• A willingness on the part of program staff, including administration, reception, and frontline workers, to participate in ongoing FASD education and training initiatives
  • Agency policies that accommodate the unique needs of individuals living with FASD in order to create a program that works for all participants
  • A respectful and individualized approach to service delivery that recognizes individual strengths

This guide from the College of New Caledonia is designed to assist programs in providing FASD-informed services and supports. The approaches discussed were developed from evidence-based research and from the practical experience of individuals working with women and their families who may be living with FASD.

The guide includes sections on promoting dialogue about alcohol and drug use during pregnancy, contraception, trauma-informed practice, effective group facilitation, strategies for individual support, and examples of exercises that can be used in group programming.

FASD Informed Practice for Community Based Programs can be downloaded from the College of New Caledonia website here.

For more about FASD-informed work at the College of New Caledonia, see an earlier posts:

 

 

'Terrace Standard - Program works to reduce FASD'

Check out this news article “Program Works to Reduce FASD” in the Terrace Standard (May 21, 2013) which interviews NAT member, Lisa Lawley, about her work with the Circle of Life Mentorship Program.

In the article, Lisa describes the Circle of Life Mentorship program which runs out of the Kermode Friendship Society. The program has been running for three years and supports women who struggle with drug or alcohol misuse and who are in their child bearing years.

The program works from a harm reduction perspective and supports women with not only addressing their substance misuse but also parenting, family planning, budgeting, time management, mediation and referral to community services, or anything else they identify as important to reaching their goals. Lisa also describes her experiences as a mother of three children with FASD.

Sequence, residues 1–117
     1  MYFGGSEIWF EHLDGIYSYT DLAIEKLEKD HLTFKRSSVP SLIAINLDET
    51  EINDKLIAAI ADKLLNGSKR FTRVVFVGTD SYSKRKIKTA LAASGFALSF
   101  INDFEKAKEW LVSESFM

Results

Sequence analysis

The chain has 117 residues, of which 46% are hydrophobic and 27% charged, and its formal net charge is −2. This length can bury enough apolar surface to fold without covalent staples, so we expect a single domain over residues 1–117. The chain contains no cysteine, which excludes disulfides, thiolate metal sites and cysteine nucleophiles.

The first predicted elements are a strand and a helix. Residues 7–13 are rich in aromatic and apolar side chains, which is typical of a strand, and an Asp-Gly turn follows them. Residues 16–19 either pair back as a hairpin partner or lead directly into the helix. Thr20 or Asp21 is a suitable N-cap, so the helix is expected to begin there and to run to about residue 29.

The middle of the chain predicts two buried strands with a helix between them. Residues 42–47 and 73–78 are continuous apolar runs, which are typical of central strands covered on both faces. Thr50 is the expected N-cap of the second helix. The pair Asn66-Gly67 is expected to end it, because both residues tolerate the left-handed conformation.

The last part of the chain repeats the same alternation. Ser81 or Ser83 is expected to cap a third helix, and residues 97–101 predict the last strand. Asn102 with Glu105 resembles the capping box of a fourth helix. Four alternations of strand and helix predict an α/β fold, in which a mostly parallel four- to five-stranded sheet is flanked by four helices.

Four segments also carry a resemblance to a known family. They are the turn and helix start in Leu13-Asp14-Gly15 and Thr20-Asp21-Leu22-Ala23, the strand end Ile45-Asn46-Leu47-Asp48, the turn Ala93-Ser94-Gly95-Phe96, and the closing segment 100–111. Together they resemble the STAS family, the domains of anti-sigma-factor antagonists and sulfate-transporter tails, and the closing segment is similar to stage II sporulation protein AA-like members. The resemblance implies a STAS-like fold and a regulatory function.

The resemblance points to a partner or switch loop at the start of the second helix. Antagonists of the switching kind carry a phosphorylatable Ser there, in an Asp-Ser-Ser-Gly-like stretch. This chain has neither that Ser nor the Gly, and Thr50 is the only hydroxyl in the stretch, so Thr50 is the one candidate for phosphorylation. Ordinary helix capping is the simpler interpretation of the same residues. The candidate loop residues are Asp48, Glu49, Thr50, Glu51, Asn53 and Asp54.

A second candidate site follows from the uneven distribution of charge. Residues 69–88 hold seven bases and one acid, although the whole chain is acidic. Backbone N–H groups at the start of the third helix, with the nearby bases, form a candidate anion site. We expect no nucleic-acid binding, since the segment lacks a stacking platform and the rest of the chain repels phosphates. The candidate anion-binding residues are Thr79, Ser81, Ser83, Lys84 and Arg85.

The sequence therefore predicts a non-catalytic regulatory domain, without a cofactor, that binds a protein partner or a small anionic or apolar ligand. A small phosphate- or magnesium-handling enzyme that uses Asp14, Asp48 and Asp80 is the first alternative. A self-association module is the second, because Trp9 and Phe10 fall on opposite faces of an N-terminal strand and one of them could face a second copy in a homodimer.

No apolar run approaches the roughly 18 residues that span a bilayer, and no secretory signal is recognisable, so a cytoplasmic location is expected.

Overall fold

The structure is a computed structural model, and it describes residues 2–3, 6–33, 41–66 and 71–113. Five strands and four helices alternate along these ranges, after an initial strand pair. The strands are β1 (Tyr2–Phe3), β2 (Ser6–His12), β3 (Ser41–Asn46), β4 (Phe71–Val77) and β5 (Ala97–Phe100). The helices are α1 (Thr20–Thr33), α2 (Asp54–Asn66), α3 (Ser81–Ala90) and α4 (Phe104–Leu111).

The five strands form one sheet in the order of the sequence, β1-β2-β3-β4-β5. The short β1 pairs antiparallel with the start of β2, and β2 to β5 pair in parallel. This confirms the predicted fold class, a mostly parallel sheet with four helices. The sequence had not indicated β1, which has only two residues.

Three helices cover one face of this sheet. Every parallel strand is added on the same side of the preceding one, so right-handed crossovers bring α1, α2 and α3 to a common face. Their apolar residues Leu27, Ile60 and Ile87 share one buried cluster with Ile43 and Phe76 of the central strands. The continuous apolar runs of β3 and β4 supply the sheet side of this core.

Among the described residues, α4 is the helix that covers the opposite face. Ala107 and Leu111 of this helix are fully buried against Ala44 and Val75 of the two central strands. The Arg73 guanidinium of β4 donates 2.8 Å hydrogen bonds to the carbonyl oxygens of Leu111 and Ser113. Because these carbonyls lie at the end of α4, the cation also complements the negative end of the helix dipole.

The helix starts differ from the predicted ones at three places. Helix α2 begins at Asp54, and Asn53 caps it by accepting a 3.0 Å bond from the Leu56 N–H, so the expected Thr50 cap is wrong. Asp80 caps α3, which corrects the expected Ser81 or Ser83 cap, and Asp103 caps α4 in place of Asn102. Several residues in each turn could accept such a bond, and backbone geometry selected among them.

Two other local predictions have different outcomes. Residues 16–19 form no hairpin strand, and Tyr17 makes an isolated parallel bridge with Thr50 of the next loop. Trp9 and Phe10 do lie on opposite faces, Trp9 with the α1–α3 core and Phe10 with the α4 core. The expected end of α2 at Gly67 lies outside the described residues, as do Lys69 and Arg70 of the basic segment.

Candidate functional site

Lisa was a speaker at the 5th International Conference on Fetal Alcohol Spectrum Disorder in Vancouver, BC in February 2013. Check out the video clip here.

New program addresses maternal alcohol and drug use with a range of services under one roof

After six years of planning and research by a volunteer committee of 30 experts, community organizations, advocates and educators, the HerWay Home program began working with women and children on January 7, 2013.

Located in the James Bay Community Project, HerWay Home is a child-focused, women-centred, family-oriented drop-in and outreach program for pregnant women and new moms with substance use challenges and their children.

Women do not need a referral to access the program. The program expects to work with about 70 women in the first year and 100 to 150 in the second year. Currently, there are four staff members who support women accessing a range of services to meet their individual needs. Services include meals during drop-in hours, grocery store food vouchers, health care during and after pregnancy, alcohol, drug and mental-health support, and parenting support.

Read the press release (February 8, 2013) from the Children’s Health Foundation of Vancouver Island here. Check out the news coverage New Victoria program helps new moms with addictions (Cindy E. Harnett, Feb 7, 2013).

For more on HerWay Home, see earlier post: Herway Home ‘one-stop access’ program in Victoria set to open (May 20, 2012).

Learn more about the development of HerWay Home and similar programs across Canada in Supporting Pregnant and Parenting Women Who Use Substances: What Communities Are Doing to Help by members of the Canada FASD Research Network.

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ottawa parliament

As approximately 4% of all deaths worldwide can be attributed to alcohol consumption, governments around the world are looking for policy approaches that can reduce the harms of alcohol use and misuse at a population level.